Our Lady of Loreto

Catholic Church of Kempton Park
History of our Church Building
The naming of the Parish:Our Lady of LoretoIn the 1920s Our Lady of Loreto was named Patroness of Pilots and all who work in the Airways; therefore, when the decision was made to build a Church in Kempton Park, Bishop Hugh Boyle considered it appropriate to dedicate it to Our Lady of Loreto, since the Parish would largely serve the people working at the Jan Smuts Airport and in the supporting industries. Jan Smuts Airport was renamed Johannesburg Airport and then later again the Oliver Tambo Airport.

Church Design and Symbolism:

Architect : Anthony Slaven
Civil Engineers : J.F. Jackson & A.R. Chinery
Builders : Guiricich Bros. (Pty) Ltd.
Joinery Work : Raymond Amoretti
Electrical Contractor : G.J. Thomas

Mindful of the dedication to Our Lady of Loreto, the Airways Patroness, Anthony Slavin designed the church to capture the idea of an airport. The church itself was designed to resemble an aircraft hangar. Originally, the church had a barrel roof but this was subsequently covered with a pitched roof in 1989.

The altar, which is now the altar in the Side Chapel, was designed to give the impression of and upward thrust. The altar table was designed to represent the wings of an aeroplane and this theme was supported in the design of the built-in ledges. The Sanctuary Lamp is a miniature altar. The lectern resembled the delta wings of a jet; this triangle shape has been a symbol of the Trinity for centuries in the Church.

Father Victor Kotze had the Baptismal Font (now The Shrine of Oils) made to resemble a launching pad. The fifteenth Station of the Cross, the Resurrection Crucifix above the altar, has an upward thrust in the cross beam.

The outstanding work of art within the church is Marjorie Berezas Stations of the Cross and Father Victor Kotze composed a striking and memorable text of reflection on these hand pictures.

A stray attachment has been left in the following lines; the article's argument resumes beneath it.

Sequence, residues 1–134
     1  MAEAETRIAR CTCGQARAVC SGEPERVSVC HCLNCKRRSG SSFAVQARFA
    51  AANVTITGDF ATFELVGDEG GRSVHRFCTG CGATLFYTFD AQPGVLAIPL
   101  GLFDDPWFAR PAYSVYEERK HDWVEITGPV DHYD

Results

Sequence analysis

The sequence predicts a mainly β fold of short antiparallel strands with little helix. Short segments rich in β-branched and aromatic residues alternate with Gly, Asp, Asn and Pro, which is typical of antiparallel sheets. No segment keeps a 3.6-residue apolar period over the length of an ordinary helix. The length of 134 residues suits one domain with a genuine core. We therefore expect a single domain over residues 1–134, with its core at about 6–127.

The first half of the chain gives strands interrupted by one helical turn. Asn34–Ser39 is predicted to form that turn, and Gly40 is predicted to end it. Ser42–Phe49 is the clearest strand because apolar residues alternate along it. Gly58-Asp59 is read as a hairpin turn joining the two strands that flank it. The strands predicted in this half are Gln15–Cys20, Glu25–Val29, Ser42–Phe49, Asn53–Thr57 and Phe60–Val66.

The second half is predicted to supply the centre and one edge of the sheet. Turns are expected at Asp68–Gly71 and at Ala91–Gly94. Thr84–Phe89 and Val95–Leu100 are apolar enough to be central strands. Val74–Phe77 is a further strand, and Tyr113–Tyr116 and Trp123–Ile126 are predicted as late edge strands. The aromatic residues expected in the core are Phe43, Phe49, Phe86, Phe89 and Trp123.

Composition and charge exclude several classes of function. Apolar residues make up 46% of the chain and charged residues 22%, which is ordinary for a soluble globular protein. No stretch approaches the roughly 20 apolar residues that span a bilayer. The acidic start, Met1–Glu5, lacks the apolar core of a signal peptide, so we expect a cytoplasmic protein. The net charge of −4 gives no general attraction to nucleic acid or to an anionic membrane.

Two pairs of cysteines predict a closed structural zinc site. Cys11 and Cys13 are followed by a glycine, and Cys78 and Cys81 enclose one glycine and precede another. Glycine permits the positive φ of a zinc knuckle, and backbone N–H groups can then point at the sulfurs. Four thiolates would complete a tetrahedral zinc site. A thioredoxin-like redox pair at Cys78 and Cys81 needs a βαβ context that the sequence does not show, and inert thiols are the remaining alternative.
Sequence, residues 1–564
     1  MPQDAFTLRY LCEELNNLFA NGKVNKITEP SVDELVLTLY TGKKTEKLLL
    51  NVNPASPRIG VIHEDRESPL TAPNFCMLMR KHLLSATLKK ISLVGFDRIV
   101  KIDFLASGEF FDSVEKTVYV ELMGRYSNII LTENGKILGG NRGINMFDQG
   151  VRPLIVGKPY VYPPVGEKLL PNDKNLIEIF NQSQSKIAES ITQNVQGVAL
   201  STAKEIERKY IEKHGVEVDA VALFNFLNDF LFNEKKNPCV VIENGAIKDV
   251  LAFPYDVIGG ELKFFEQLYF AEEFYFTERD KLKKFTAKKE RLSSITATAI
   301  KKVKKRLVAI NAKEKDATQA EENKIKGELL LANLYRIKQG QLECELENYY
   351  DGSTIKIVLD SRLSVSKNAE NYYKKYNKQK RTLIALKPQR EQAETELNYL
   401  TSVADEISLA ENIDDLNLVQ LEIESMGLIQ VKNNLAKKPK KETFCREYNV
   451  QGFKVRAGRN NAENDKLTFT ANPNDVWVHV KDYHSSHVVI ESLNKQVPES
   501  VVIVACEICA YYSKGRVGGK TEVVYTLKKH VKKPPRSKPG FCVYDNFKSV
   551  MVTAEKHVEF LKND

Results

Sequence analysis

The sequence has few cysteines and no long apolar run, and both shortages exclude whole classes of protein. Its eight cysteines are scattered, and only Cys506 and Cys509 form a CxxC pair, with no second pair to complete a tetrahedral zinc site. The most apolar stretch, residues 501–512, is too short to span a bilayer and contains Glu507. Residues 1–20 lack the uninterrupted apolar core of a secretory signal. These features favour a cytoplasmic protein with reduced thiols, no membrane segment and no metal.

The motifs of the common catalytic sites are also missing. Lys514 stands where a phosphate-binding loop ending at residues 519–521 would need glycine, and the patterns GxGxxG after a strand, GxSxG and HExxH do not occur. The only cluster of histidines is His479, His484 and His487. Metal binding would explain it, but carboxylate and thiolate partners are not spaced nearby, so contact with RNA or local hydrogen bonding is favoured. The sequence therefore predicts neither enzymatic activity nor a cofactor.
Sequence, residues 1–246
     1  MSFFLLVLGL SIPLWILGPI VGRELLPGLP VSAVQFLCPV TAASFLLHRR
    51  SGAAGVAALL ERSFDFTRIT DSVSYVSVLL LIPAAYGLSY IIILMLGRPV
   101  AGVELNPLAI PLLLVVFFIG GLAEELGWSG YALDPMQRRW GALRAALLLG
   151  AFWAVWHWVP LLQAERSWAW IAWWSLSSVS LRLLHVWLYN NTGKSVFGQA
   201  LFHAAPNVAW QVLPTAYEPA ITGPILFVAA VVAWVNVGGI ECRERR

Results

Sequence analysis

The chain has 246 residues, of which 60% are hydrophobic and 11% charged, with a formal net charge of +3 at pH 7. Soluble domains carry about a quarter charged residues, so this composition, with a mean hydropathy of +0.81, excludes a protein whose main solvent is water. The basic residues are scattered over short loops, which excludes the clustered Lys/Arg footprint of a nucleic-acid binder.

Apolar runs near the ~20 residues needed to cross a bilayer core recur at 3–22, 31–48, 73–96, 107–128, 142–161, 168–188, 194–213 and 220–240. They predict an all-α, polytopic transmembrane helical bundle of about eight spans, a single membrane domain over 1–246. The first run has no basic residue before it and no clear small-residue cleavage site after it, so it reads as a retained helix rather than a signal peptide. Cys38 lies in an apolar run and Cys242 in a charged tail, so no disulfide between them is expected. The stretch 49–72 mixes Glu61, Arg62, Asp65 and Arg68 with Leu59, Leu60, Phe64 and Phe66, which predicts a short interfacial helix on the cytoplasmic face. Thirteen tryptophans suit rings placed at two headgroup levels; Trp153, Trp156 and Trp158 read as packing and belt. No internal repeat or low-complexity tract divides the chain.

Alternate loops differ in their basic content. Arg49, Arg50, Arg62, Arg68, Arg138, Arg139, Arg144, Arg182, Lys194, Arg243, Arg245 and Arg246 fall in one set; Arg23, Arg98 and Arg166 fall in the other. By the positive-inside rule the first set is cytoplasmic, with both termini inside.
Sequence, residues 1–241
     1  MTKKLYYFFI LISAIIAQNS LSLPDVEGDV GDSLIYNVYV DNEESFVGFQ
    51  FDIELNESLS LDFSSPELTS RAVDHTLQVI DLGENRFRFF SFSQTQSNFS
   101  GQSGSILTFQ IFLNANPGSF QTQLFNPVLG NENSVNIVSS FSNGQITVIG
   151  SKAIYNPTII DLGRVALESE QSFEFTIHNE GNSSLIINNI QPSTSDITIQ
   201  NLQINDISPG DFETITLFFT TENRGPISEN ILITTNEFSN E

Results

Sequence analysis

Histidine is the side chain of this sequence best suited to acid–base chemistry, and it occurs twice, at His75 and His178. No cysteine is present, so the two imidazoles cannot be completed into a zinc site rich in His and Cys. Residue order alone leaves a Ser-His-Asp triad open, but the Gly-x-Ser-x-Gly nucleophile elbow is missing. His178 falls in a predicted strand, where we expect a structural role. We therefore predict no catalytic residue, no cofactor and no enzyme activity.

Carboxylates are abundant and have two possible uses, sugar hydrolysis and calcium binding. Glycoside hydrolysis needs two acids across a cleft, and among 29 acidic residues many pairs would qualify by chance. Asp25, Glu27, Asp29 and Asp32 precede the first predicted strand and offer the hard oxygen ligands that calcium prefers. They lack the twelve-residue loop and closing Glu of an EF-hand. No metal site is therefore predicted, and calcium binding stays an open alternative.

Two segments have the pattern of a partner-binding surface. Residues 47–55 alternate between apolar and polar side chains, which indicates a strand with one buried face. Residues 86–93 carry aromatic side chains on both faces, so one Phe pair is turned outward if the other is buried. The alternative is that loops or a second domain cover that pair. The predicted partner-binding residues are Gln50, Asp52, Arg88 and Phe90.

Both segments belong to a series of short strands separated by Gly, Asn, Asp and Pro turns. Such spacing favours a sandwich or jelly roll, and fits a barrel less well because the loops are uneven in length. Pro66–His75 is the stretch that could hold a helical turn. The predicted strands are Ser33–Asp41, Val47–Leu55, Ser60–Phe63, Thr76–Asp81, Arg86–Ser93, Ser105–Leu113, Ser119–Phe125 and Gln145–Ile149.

The cross outside the church is an impressive 32 feet (9,75 metres) high and 11 feet (3,35 metres) wide at the cross-beam. It is constructed of steel. Originally the church had a barrel roof which was subsequently covered by a pitched roof when the church was re-roofed in 1989.

The Symbolism In The Stained Glass Windows.
The Regalia of the Pope: Roman Catholic symbols referring to the presence on Warth of Divine order through the Church.

The Keys: The emblem of Saint Peter the keys unlock the door of the House of the Lord and show the way to Heaven.

The Chalice: The Lords Supper Communion. It is also an early symbol of Christian fellowship.

The Alpha and The Omega: The first and last letters of the Greek alphabet, symbolizing the completeness of the Bible and that God is the beginning and the end of all things. (Window donated by Sheilagh Marx)

The Descending of the Dove: Th Holy Spirit, peace. The olive branch symbolizes peace.

The Cross and the Crown: Symbolizes the death and victory of Christ as He reconciles the world.

Lilies: The transfiguration of Christ symbol of Easter. Also represents innocence and the Virgin Mary.

The Gospel according to Saint Matthew: Symbolizes the Gospel as written by St Matthew. (Donated by George Matthews)

Our Lady of Loreto: Symbolized by Madonna and Child. Patroness of Aviation and Southern Africa.

Candle: Symbolizes life itself. The light of God. Rosary symbolizing the faith of millions.